Friday, July 24, 2009

Nerd, Geek, or Dork which are you?

Found this today:

After reading it I decided I really wasn't a Geek, just a Nerd. So I have changed the title of my blog! :)


Monday, July 13, 2009

(X)HTML indenter

I have been working on developing a style (or theme) for phpBB and was encountering XHTML files that had no line breaks and indenting, so I did some searches and found: HTML Tidy Online (, you paste your unformatted code in the box, set the options (you don't have to change anything) and hit the green Tidy button in the bottom right. It gives you a page with warnings and errors about your XHTML, indicting weather or not it's valid code, you click the View Tidied HTML button in the top right and it gives you a page showing the tidied XHTML, select it all (ctrl+a), then copy and paste it over you old code!

Hope this helps someone out there!


Wednesday, July 8, 2009

What are we To Hope for?

This is article two in a series of articles on Hope from which I hope I will get around to Faith and Love. If you haven't read the first part of this please go and do so now. In the first part we discussed what the definition of Hope was. Now we shall look at what we as Christians are to be hoping for. Lets start with Romans 5:2 [KJV NKJV NASB NLT] (With this reference as with others I have linked the reference it's self to an online copy of the verse on, the reference links to the NIV, the abbreviation's link to there respective versions) Any way the verse in the NIV goes as follows:

2 through whom we have gained access by faith into this grace in which we now stand. And we rejoice in the hope of the glory of God.

Did you catch that? we rejoice in the hope of the glory of God. That's the first thing we are to hope in, the Glory of God. Next lets look at Psalms 119:74 [KJV NKJV NASB NLT]

74 May those who fear you rejoice when they see me, for I have put my hope in your word.

The psalmist puts his hope in God's Word. Now we know from John 1:1 [KJV NKJV NASB NLT] that The Word is God, so when he says that he has put his Hope in God's Word, he has really but his hope in God. Next lets look at Titus 2:13 [KJV NKJV NASB NLT]

13while we wait for the blessed hope—the glorious appearing of our great God and Savior, Jesus Christ,

So, The Hope is also The "Blessed Hope", now what is this Blessed Hope hoping for? "the glorious appearing of our great God and Savior, Jesus Christ,". Now what happens at "the glorious appearing of our great God and Savior, Jesus Christ,"? Romans 8:23-24a [KJV NKJV NASB NLT] tells us:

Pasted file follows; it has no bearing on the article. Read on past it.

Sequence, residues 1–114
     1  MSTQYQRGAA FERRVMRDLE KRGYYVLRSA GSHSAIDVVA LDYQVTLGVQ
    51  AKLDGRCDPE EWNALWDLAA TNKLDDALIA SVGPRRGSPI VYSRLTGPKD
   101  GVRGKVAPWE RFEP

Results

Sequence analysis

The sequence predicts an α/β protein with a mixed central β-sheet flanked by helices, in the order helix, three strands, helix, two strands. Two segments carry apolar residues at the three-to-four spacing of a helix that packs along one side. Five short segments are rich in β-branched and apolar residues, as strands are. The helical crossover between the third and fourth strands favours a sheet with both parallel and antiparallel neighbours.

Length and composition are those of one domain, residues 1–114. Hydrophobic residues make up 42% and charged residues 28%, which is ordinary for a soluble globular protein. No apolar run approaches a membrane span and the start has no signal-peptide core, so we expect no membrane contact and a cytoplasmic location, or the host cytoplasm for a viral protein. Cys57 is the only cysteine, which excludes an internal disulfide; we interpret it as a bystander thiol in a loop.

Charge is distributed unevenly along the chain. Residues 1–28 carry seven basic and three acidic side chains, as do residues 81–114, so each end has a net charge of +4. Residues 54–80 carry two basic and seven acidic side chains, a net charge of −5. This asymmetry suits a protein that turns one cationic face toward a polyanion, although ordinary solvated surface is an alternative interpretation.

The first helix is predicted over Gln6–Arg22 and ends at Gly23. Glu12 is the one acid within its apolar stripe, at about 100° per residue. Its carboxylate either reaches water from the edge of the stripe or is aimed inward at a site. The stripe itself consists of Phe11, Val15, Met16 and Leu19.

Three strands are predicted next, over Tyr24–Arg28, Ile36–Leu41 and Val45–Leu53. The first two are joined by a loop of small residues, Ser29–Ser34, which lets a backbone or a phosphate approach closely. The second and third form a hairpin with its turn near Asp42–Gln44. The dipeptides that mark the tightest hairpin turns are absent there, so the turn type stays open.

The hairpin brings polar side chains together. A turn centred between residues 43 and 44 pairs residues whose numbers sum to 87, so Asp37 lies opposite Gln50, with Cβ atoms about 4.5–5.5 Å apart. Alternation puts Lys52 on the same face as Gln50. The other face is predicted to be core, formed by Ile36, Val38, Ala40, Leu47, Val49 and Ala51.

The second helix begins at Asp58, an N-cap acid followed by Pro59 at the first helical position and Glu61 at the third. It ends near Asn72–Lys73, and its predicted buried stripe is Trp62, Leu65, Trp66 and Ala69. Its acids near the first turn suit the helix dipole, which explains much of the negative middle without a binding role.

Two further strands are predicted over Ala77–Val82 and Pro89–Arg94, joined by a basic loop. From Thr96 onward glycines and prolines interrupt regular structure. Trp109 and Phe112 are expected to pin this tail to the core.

23Not only so, but we ourselves, who have the firstfruits of the Spirit, groan inwardly as we wait eagerly for our adoption as sons, the redemption of our bodies. 24For in this hope we were saved.

Did you catch that? We will be adopted as sons and our bodies will be redeemed. For in this hope we were saved! We are saved by hoping in what God is going to do. (There by believing that Christ died and made us holy so that we can be adopted as sons.)

So to summarize, we are to Hope for:

· The Glory of God

· God's Word

· The glorious appearing of our great God and Savior, Jesus Christ.

· For our adoption as sons, the redemption of our bodies.

As a final note about Hope: Isaiah 40:31 [KJV NKJV NASB NLT]:

31 but those who hope in the LORD

will renew their strength.

They will soar on wings like eagles;

they will run and not grow weary,

they will walk and not be faint.

May the God of hope fill you with all joy and peace as you trust in him, so that you may overflow with hope by the power of the Holy Spirit. And may The Grace of The Lord Jesus Christ be with your Spirit.

Saturday, July 4, 2009

The Decleration of Independance

I Honner of Independance Day or the 4th of July I decided to post the Decloration of independance, I beleive it serves as a excellent reminder of why The United States of America were founded. So with out further ado:
Declaration of Independence
(Adopted by Congress on July 4, 1776)
The Unanimous Declaration
of the Thirteen United States of America

When, in the course of human events, it becomes necessary for one people to dissolve the political bonds which have connected them with another, and to assume among the powers of the earth, the separate and equal station to which the laws of nature and of nature's God entitle them, a decent respect to the opinions of mankind requires that they should declare the causes which impel them to the separation.

We hold these truths to be self-evident, that all men are created equal, that they are endowed by their Creator with certain unalienable rights, that among these are life, liberty and the pursuit of happiness. That to secure these rights, governments are instituted among men, deriving their just powers from the consent of the governed. That whenever any form of government becomes destructive to these ends, it is the right of the people to alter or to abolish it, and to institute new government, laying its foundation on such principles and organizing its powers in such form, as to them shall seem most likely to effect their safety and happiness. Prudence, indeed, will dictate that governments long established should not be changed for light and transient causes; and accordingly all experience hath shown that mankind are more disposed to suffer, while evils are sufferable, than to right themselves by abolishing the forms to which they are accustomed. But when a long train of abuses and usurpations, pursuing invariably the same object evinces a design to reduce them under absolute despotism, it is their right, it is their duty, to throw off such government, and to provide new guards for their future security. --Such has been the patient sufferance of these colonies; and such is now the necessity which constrains them to alter their former systems of government. The history of the present King of Great Britain is a history of repeated injuries and usurpations, all having in direct object the establishment of an absolute tyranny over these states. To prove this, let facts be submitted to a candid world.